Sally was minding a friend's child for the day when an offhanded remark left her stunned.

When Sally’s* best friend had to unexpectedly go into work on her day off, Sally offered to look after her son, James, aged two. She didn’t have a particularly busy day ahead, just running a couple of errands and an appointment at the IVF clinic to get the latest blood test results and pick up a prescription, jobs she could easily do with a small child in tow.

The expression on the face of Sally’s friend suddenly turned from grateful to concerned. “Well when you’re at the clinic, please make sure you keep a close eye on James. You know, all those childless women.”

Sally says she was angered – after all, wasn’t she one of those childless women? – yet not surprised. As a woman undergoing IVF, she’s quite used to being treated with fear and suspicion.

Ever since the first IVF baby was born amid fears of baby factories and clones taking over the world, there have been a million little ways women doing IVF have been made to feel like the enemy.

It’s that story told about a friend of a friend who knew someone who had a child snatched from a shopping trolley by a deranged but thankfully harmless childless woman. It’s a terrifying story from the USA about a young mother found dead with her child cut from her womb.

And it’s all those discussions about the whereabouts of missing British girl Madeleine McCann, and the inevitable shared hopes that she has been kidnapped by a rich childless couple, rather than a paedophile.

The demonisation of infertile women has largely gone unremarked – until now, when thanks to The Handmaid’s Tale, they are now being openly cast as pure evil.

The Handmaid’s Tale is freaking out women across the world: the misogyny; the violence; the realisation that we could be heading down the same path to Gilead. But for women trying to conceive, the series is particularly chilling.


Infertile women, captured in the character of the cold and diabolical Commander’s wife, Serena Joy, imprison and torture the fertile handmaids, and once a month hold them down while they are raped by the husbands.

Serena Joy. Image via SBS.

For any woman, it’s an unimaginable concept. Being taken away from your family and own children, imprisoned and raped, forced to carry your rapist’s child, then having to relinquish that child once it’s born, before being moved onto the next childless couple to do it all again.

Damn these cruel and heartless infertile women.


It’s a particularly confronting scenario because women struggling with fertility can actually see shades of themselves in Serena Joy. Of course, no infertile woman would ever condone rape and torture - Serena Joy is a monster - but what woman undergoing IVF can’t empathise with her sadness, longing – and yes, desperation - for a child?

They know the feeling of powerlessness, desperation and anxiety of trying for a baby. And every month, as they hand over thousands of dollars for treatment, or contemplate using the services of a woman willing to carry a child for them, they are asking themselves: how far am I prepared to go for a baby?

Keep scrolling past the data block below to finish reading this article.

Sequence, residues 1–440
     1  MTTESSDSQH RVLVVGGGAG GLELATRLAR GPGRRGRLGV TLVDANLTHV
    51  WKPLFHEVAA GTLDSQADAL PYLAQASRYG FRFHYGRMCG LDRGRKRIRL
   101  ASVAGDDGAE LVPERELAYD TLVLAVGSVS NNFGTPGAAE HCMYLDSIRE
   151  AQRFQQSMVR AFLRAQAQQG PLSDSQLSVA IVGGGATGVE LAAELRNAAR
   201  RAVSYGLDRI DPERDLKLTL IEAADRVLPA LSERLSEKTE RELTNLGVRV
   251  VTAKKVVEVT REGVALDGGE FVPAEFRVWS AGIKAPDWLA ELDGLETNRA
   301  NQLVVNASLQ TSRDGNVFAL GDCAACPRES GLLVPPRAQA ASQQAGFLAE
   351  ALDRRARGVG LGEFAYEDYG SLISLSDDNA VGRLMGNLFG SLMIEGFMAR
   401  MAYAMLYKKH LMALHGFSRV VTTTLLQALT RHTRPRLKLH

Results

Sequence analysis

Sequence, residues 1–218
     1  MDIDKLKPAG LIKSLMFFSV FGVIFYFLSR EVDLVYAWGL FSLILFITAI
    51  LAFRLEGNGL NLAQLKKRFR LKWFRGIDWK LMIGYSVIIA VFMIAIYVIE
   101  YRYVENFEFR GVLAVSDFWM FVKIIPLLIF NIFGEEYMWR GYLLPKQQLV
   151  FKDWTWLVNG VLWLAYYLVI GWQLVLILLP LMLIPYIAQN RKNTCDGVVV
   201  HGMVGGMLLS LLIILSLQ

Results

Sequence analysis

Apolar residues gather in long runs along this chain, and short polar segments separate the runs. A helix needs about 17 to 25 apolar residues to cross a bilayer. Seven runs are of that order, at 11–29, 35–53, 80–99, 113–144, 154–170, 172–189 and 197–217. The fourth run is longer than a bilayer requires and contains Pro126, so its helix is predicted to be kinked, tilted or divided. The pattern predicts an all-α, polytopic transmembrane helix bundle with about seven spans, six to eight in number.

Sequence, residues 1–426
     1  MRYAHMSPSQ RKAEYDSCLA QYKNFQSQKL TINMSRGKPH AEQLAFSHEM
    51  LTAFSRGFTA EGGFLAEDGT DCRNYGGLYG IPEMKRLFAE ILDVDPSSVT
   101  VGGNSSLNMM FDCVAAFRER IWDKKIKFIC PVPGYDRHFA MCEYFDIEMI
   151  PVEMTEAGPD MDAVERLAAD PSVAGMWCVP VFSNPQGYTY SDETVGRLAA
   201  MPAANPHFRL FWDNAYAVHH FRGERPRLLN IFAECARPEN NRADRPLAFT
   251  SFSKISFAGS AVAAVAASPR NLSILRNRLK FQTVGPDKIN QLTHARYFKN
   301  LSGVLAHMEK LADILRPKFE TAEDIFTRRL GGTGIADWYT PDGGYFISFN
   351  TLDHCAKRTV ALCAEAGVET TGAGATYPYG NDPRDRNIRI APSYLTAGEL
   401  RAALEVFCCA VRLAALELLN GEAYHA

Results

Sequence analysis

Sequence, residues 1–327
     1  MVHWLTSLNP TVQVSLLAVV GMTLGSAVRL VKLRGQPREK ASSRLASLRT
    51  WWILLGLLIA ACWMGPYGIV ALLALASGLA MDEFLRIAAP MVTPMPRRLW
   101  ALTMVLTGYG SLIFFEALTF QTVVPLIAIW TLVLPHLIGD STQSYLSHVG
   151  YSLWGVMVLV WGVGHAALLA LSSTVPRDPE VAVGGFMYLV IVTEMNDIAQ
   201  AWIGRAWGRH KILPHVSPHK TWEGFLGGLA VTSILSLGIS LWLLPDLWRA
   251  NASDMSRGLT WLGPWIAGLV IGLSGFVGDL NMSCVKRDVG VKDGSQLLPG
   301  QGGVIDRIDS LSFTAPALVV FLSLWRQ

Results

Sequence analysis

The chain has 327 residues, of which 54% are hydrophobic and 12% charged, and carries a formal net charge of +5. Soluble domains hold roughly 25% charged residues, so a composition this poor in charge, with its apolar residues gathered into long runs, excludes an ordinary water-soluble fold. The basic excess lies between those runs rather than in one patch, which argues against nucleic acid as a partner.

And women going through fertility treatment know well the feeling of guilt and shame.

A central theme of The Handmaid’s Tale is that the ‘plague of infertility’ is the result of mankind’s greed and recklessness by poisoning the environment. You displeased God and now God won’t give you a baby.

“There are very few women struggling with infertility who don’t at some stage feel as though they are responsible for their family’s troubles,” says fertility advisor and educator, Lucy Lines, from Two Lines Fertility.

Listen: Deb Knight on going through 14 rounds of IVF. (Post continues.)

“They are too old; their bodies are not working as they should; if only they could just relax, maybe do more yoga. And because of these failings their families are suffering emotionally and financially.”

And there isn’t a woman who has gone through IVF who hasn’t heard the whisper, “Have you ever thought, well maybe some things aren’t meant to be?” Yes, Unwoman, stop hurting your family and accept your fate.


Of course, it’s tempting to dismiss all this as just vulnerable women being particularly sensitive. The Handmaid’s Tale is a story; infertile women are in no danger of becoming ‘the enemy’, right?

Well, they already are.

Public debate rages about whether IVF should be covered by Medicare; talk back shows debate if women over a certain age should be allowed access to IVF; and women are urged to find men and reproduce earlier. And if you don’t – if you disobey the rules – well, you’re a monster.

According to Lines, often animosity towards women going through IVF actually has little to do with the ability to have a baby and more to do with a lack of ability to empathise – from both sides of the fertility divide.

“I think it’s very hard for people to understand the desperation to have children,” she explains. “Especially if their own children came easily and they are now in the throes of raising young children and living with the demands that places on them.

“I can also imagine that they would probably feel that there’s only so many times they can apologise for being fertile.

“You might be pregnant for the third time, haven’t slept a full night in years, and be going through all the pressures and demands of parenting – and in these times it can be difficult to sympathise with women who are still dreaming of motherhood.”

You can visit the Two Lines Fertility website here

Margaret Ambrose is a Melbourne-based freelance journalist and author, specialising in IVF and reproductive rights. You can view her website here

*Name has been changed.